Marc Najork


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DSI++: Updating Transformer Memory with New Documents
Sanket Vaibhav Mehta | Jai Gupta | Yi Tay | Mostafa Dehghani | Vinh Q. Tran | Jinfeng Rao | Marc Najork | Emma Strubell | Donald Metzler
Proceedings of the 2023 Conference on Empirical Methods in Natural Language Processing

Differentiable Search Indices (DSIs) encode a corpus of documents in the parameters of a model and use the same model to map queries directly to relevant document identifiers. Despite the solid performance of DSI models, successfully deploying them in scenarios where document corpora change with time is an open problem. In this work, we introduce DSI++, a continual learning challenge for DSI with the goal of continuously indexing new documents while being able to answer queries related to both previously and newly indexed documents. Across different model scales and document identifier representations, we show that continual indexing of new documents leads to considerable forgetting of previously indexed documents. We also hypothesize and verify that the model experiences forgetting events during training, leading to unstable learning. To mitigate these issues, we investigate two approaches. The first focuses on modifying the training dynamics. Flatter minima implicitly alleviates forgetting, so we explicitly optimize for flatter loss basins and show that the model stably memorizes more documents (+12%). Next, we introduce a parametric memory to generate pseudo-queries for documents and supplement them during incremental indexing to prevent forgetting for the retrieval task. Extensive experiments on a novel continual indexing benchmark based on Natural Questions demonstrate that our proposed solution mitigates the forgetting in DSI++ by a significant margin and improves the average Hits@10 by +21.1% over competitive baselines.

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Creator Context for Tweet Recommendation
Spurthi Amba Hombaiah | Tao Chen | Mingyang Zhang | Michael Bendersky | Marc Najork | Matt Colen | Sergey Levi | Vladimir Ofitserov | Tanvir Amin
Proceedings of the 2023 Conference on Empirical Methods in Natural Language Processing: Industry Track

When discussing a tweet, people usually not only refer to the content it delivers, but also to the person behind the tweet. In other words, grounding the interpretation of the tweet in the context of its creator plays an important role in deciphering the true intent and the importance of the tweet. In this paper, we attempt to answer the question of how creator context should be used to advance tweet understanding. Specifically, we investigate the usefulness of different types of creator context, and examine different model structures for incorporating creator context in tweet modeling. We evaluate our tweet understanding models on a practical use case – recommending relevant tweets to news articles. This use case already exists in popular news apps, and can also serve as a useful assistive tool for journalists. We discover that creator context is essential for tweet understanding, and can improve application metrics by a large margin. However, we also observe that not all creator contexts are equal. Creator context can be time sensitive and noisy. Careful creator context selection and deliberate model structure design play an important role in creator context effectiveness.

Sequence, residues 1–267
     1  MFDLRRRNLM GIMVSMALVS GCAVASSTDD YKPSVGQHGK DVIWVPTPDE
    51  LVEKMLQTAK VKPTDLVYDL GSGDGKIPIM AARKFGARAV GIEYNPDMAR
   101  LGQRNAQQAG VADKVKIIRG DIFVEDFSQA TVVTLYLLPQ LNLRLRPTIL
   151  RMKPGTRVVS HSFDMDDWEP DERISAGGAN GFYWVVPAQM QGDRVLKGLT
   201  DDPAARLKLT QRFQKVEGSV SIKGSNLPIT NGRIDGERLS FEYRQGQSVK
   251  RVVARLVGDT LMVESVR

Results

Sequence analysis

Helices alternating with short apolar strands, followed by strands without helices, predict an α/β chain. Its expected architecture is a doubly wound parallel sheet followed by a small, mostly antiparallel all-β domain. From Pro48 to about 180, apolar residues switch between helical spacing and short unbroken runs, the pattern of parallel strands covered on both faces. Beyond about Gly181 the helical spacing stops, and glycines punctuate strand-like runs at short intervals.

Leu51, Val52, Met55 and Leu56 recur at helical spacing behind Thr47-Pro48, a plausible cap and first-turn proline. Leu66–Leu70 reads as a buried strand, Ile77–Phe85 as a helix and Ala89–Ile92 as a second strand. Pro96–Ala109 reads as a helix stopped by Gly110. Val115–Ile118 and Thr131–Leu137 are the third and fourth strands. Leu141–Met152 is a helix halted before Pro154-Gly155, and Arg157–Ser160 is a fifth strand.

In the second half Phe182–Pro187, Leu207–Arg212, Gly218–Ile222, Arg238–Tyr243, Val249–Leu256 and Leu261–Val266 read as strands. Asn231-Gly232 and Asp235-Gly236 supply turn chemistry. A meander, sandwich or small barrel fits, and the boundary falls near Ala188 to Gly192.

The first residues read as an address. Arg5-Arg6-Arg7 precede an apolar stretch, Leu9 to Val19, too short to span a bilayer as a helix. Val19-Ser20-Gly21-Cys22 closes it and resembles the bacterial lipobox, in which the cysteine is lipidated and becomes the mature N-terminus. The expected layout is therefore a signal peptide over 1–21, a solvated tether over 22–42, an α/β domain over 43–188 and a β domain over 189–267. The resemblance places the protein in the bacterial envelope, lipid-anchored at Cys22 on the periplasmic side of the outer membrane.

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DiPair: Fast and Accurate Distillation for Trillion-Scale Text Matching and Pair Modeling
Jiecao Chen | Liu Yang | Karthik Raman | Michael Bendersky | Jung-Jung Yeh | Yun Zhou | Marc Najork | Danyang Cai | Ehsan Emadzadeh
Findings of the Association for Computational Linguistics: EMNLP 2020

Pre-trained models like BERT ((Devlin et al., 2018) have dominated NLP / IR applications such as single sentence classification, text pair classification, and question answering. However, deploying these models in real systems is highly non-trivial due to their exorbitant computational costs. A common remedy to this is knowledge distillation (Hinton et al., 2015), leading to faster inference. However – as we show here – existing works are not optimized for dealing with pairs (or tuples) of texts. Consequently, they are either not scalable or demonstrate subpar performance. In this work, we propose DiPair — a novel framework for distilling fast and accurate models on text pair tasks. Coupled with an end-to-end training strategy, DiPair is both highly scalable and offers improved quality-speed tradeoffs. Empirical studies conducted on both academic and real-world e-commerce benchmarks demonstrate the efficacy of the proposed approach with speedups of over 350x and minimal quality drop relative to the cross-attention teacher BERT model.

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Representation Learning for Information Extraction from Form-like Documents
Bodhisattwa Prasad Majumder | Navneet Potti | Sandeep Tata | James Bradley Wendt | Qi Zhao | Marc Najork
Proceedings of the 58th Annual Meeting of the Association for Computational Linguistics

We propose a novel approach using representation learning for tackling the problem of extracting structured information from form-like document images. We propose an extraction system that uses knowledge of the types of the target fields to generate extraction candidates and a neural network architecture that learns a dense representation of each candidate based on neighboring words in the document. These learned representations are not only useful in solving the extraction task for unseen document templates from two different domains but are also interpretable, as we show using loss cases.